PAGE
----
The synergy within the building is evident in regards to programming: the schedule on some days can serve as many as 18 programmes — including Get Up!, High Noon, and Always Late With Katie Nolan — and a multitude of podcasts. The man in charge of handling the daily scheduling and workflow, director of Remote Operations Terry Brady, sees the crowded calendar as an opportunity.
“We have a big schedule, but it’s a lot of fun because it’s new every day,” he said. “Sometimes, in a studio environment, you get stagnant because you’re doing the same shows over and over. That’s not the case here. We just adapt as they come along.”
Although the interaction between operations, production, and on-air teams benefits from an all-hands-on-deck mindset, the team effort flows over to the sharing of equipment between the two main studios. “There are five [Sony HDC-2500] cameras in both studios,” Foss said, “but the design allows the flexibility to bring a camera over to Studio 1 if we want to go to six, seven, or eight cameras.”
With the help of the network’s Crash Carts, productions aren’t restricted to the confines of the studio. The custom-designed carts are motorised and can support audio, video, communications, and internet at outdoor locations around the Seaport. BSI Blue Steel wireless microphones operating in the 1,435-1,525 MHz spectrum are used to avoid any issues with RF reception in the congested RF environment of Lower Manhattan.
“Not only can we move all of this equipment from the studios, we can also bring this stuff outside or on the roof,” Calcinari says. “There’s a lot of flexibility and utilisation of the equipment in every space that we have.”
Multiple shows, the Stephen A. Smith Show among them, are produced at the South Street Seaport facility.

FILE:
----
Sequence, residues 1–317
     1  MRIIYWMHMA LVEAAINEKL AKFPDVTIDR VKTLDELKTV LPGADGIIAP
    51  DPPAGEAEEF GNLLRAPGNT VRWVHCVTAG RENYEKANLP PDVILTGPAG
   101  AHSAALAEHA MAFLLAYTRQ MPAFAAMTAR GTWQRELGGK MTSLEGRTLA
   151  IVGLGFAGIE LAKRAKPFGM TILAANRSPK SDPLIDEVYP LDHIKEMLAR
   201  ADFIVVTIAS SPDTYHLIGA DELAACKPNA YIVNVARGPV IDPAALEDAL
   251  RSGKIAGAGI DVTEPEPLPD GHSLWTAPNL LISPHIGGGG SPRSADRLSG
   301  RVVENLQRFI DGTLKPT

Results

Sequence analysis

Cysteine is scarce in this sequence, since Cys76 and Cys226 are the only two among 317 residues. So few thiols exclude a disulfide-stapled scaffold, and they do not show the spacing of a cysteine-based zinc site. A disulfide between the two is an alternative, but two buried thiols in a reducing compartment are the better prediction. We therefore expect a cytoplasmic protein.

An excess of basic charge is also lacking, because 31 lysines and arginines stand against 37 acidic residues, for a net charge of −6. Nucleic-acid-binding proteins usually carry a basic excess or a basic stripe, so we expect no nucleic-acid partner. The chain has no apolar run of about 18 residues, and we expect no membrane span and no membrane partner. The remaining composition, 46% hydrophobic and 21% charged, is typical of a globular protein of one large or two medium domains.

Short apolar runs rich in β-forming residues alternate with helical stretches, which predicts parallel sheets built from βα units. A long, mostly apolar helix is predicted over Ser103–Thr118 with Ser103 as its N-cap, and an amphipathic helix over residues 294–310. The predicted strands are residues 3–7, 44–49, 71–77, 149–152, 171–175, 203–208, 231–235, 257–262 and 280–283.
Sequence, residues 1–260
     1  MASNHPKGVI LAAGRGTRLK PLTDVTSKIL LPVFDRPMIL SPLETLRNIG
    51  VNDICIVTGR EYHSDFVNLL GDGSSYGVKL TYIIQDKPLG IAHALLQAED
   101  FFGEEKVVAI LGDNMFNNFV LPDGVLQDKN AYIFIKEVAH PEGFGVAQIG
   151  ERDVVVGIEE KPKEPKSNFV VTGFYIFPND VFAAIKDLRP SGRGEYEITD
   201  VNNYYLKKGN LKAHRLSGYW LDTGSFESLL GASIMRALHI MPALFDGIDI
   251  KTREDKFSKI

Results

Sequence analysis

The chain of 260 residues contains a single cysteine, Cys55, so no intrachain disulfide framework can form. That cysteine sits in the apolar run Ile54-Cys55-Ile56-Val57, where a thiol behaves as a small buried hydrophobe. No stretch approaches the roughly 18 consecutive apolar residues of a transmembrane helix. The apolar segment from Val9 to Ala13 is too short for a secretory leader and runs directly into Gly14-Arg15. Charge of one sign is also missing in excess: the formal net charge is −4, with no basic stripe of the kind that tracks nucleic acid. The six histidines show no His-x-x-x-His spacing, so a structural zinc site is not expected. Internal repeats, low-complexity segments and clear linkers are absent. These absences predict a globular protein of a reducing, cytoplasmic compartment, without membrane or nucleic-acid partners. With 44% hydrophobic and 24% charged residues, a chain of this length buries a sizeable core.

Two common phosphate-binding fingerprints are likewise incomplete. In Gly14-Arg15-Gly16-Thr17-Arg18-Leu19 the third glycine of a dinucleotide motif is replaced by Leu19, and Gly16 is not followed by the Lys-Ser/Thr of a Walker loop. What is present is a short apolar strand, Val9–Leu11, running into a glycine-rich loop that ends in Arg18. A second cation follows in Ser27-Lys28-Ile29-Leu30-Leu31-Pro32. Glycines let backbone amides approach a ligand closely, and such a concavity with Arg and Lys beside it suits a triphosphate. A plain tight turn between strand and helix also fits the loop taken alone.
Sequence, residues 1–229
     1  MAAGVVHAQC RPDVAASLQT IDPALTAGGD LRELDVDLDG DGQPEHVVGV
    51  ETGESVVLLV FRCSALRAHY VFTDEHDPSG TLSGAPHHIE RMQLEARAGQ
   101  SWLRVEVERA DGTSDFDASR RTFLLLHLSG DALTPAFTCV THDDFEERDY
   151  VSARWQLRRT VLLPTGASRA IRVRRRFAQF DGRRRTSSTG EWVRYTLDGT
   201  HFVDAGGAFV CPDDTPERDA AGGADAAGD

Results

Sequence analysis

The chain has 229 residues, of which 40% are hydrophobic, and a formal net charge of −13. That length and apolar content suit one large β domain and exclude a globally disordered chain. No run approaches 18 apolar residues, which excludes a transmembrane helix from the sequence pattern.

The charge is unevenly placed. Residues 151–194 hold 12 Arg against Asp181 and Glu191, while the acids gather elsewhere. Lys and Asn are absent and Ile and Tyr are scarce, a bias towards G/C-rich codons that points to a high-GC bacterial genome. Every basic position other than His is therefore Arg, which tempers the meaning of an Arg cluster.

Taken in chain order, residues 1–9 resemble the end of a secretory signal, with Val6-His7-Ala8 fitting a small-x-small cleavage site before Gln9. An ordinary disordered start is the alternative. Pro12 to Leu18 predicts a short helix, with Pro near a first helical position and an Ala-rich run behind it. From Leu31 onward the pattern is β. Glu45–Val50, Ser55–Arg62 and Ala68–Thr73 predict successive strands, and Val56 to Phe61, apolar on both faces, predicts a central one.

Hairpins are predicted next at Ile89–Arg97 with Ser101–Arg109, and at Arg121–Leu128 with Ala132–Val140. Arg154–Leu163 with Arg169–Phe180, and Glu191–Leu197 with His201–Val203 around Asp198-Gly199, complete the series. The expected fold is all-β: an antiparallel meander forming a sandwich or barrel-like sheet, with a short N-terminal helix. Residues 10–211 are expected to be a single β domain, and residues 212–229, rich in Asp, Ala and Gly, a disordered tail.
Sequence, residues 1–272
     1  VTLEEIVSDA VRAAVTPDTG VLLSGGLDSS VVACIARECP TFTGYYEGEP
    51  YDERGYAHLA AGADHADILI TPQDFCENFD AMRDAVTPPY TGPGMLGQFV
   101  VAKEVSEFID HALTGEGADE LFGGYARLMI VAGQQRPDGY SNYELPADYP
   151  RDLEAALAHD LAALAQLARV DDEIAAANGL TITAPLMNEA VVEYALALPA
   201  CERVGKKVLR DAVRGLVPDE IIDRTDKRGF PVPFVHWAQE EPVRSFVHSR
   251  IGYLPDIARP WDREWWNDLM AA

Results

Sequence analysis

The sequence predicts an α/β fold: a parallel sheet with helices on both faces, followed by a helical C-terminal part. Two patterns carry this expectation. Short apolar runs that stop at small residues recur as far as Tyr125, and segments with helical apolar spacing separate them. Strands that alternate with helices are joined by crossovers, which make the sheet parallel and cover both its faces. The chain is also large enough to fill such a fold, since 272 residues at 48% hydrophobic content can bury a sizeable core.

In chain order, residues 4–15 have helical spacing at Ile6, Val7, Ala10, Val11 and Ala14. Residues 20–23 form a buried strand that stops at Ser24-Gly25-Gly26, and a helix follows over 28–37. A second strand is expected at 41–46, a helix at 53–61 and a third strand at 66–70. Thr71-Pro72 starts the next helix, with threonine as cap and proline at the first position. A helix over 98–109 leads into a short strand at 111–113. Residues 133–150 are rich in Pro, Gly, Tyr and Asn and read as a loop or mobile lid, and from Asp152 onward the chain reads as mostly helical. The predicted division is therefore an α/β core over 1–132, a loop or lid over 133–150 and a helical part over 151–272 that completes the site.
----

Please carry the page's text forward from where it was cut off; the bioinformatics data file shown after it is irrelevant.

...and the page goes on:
In addition to the river deck at the base of the building, ESPN uses all available onsite areas to churn out different forms of content. “We shot the closing segment for our 9/11 special on the roof. We did the premiere of Basketball: A Love Story from the roof with an audience up there,” he points out. “There’s a lot of really interesting things happening because of our relationship with the building that has gone a long way in terms of the benefit of ESPN.”
As for presenting fresh faces and personalities on the airwaves, the Seaport district’s Big Apple location allows high-profile guests to visit. “It’s great for us,” Foss says. “It’s a simple hop down here from any place in Manhattan.”
To carry on the theme of multiplatform content, a wide variety of podcasts also are generated from the Seaport: The Stephen A. Smith Show (with simulcasts on ESPNews), Jalen & Jacoby, The Paul Finebaum Show, and various other ESPN shows.
The REMI model is being used for all podcasts produced at the facility, with at-home productions coming from Los Angeles (for Jalen & Jacoby), Charlotte (for The Paul Finebaum Show), and Bristol. The studio leverages both the Simplylive ViBox automated production system and the Wheatstone WheatNet IP network (connecting Seaport Blades with Bristol Blades, so that all sources and destinations are available in both locations) to ensure the production is as efficient as possible.